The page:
Something useful about the caps is that they each have a little swatch of paint on top of the cap so the paints can be easily identified. Unfortunately, the caps of two of the original three tubes have cracked in such a way that the top is splitting off from the part than screws onto the tube’s threads. I’ve had many caps crack in various ways from many other brands in both oil and watercolor paint, so this is something that happens. However, this is normally a rare thing and here it’s happened to two out of three tubes in a short time, so I thought I should mention that.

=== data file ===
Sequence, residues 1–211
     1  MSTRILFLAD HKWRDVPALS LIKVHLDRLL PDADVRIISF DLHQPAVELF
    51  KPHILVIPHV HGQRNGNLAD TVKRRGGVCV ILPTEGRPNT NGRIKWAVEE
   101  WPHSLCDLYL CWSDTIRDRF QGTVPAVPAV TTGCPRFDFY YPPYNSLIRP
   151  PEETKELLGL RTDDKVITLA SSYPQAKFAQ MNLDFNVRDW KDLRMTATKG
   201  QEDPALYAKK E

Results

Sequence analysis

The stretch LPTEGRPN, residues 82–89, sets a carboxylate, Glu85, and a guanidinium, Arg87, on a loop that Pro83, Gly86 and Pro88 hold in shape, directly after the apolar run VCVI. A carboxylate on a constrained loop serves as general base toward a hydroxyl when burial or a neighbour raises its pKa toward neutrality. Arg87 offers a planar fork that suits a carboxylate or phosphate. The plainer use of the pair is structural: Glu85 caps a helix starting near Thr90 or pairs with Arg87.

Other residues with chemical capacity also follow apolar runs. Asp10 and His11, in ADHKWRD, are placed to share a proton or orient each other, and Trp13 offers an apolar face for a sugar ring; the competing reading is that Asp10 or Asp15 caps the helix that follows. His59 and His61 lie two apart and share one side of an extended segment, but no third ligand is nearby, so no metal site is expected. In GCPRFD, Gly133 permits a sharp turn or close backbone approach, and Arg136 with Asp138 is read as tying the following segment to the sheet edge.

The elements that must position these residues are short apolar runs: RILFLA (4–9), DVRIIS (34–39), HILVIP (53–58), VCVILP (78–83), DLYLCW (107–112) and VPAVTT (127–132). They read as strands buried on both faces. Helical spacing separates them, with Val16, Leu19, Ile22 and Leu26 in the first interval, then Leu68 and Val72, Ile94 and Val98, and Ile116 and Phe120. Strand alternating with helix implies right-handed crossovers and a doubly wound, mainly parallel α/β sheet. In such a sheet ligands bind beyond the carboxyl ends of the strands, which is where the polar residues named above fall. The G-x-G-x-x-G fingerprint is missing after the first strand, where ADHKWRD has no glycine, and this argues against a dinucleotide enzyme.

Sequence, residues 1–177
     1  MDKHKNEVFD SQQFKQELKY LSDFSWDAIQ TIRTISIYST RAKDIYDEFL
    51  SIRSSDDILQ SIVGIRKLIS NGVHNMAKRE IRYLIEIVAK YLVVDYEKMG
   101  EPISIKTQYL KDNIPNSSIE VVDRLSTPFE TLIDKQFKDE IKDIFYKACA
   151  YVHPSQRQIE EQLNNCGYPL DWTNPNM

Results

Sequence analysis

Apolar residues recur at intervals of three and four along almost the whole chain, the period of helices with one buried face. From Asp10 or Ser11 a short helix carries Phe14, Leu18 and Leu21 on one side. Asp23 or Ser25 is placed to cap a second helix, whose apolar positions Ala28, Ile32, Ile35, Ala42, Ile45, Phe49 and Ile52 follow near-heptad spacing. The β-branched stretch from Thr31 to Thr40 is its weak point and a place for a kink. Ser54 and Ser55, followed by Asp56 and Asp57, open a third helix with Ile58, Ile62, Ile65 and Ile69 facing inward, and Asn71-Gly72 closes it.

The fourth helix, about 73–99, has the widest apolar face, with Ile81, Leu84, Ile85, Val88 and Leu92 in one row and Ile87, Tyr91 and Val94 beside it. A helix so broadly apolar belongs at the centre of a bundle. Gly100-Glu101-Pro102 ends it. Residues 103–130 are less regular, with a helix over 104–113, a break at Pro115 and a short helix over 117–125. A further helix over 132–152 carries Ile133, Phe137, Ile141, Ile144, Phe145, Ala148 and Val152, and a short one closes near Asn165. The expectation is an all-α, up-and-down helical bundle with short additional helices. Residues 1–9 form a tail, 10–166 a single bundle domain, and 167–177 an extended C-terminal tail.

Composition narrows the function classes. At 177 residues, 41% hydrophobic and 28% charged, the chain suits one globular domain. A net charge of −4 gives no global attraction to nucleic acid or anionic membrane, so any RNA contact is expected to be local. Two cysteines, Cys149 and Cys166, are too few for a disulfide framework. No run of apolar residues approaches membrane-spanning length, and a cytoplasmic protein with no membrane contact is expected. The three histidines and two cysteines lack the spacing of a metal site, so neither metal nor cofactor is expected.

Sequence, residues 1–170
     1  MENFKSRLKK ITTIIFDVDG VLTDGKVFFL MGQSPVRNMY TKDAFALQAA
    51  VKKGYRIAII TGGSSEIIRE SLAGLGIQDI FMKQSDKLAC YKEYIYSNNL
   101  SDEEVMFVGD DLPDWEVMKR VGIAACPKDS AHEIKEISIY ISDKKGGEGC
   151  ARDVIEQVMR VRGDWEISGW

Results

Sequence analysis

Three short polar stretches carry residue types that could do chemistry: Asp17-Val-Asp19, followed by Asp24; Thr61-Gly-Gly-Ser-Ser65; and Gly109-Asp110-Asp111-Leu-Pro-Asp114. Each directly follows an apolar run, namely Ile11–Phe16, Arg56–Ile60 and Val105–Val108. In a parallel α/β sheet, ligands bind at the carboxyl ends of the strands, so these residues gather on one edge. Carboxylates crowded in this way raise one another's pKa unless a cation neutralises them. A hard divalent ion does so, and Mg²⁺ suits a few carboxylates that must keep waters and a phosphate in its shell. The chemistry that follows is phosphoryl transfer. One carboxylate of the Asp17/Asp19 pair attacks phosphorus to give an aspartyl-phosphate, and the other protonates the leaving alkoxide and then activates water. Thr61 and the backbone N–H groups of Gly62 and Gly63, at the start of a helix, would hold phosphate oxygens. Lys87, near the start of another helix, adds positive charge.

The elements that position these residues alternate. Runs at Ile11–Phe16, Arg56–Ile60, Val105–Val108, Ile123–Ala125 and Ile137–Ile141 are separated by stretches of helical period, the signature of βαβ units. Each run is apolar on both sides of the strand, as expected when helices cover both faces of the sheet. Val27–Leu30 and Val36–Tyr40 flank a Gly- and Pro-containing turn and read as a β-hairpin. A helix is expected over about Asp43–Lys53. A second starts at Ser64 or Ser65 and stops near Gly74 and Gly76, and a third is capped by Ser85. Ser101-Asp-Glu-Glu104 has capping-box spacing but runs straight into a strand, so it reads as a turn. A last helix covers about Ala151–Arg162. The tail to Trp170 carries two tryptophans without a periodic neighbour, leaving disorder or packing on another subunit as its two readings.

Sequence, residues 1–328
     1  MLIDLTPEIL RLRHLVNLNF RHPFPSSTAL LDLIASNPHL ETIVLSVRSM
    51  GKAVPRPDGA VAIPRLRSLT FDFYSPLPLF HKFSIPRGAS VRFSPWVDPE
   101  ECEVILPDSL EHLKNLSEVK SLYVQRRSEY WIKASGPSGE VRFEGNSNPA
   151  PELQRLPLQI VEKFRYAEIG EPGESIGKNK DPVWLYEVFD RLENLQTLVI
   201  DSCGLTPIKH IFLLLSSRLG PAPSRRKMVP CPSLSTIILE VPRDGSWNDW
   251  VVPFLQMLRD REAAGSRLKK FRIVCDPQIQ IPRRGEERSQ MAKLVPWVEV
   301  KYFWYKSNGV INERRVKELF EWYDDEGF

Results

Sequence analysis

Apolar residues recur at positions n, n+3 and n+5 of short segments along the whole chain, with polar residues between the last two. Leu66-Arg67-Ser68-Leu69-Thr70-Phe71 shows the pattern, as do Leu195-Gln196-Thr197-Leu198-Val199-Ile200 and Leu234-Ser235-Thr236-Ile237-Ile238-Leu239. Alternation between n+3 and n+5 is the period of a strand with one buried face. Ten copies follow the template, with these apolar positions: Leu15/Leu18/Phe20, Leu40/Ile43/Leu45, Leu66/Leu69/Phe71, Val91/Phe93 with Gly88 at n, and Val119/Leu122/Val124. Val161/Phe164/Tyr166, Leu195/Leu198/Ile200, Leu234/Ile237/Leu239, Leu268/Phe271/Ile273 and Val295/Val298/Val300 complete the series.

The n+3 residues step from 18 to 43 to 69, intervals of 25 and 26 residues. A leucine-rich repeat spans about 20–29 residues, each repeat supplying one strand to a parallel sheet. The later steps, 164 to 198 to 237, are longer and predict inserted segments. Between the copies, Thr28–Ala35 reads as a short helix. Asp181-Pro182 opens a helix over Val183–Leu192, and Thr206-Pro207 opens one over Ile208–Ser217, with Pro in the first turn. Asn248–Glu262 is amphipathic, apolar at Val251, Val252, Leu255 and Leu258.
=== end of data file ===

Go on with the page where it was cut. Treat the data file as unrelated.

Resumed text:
I’ve really enjoyed using Ceracolors so far and I’ll keep using them. If I wasn’t on a break from buying new art supplies then I’d get some more, but what I have should last awhile. Next time I’ll paint something larger and experiment with actually applying heat to the dried paint to see how well it can be reworked once melted.

6 thoughts on “Water-soluble Encaustics, part 2

  1. Very inspiring! Your posts remind me of the origins of painting (by focusing us on the raw materials) and the processes of art (involving experimenting and imagination). Thanks!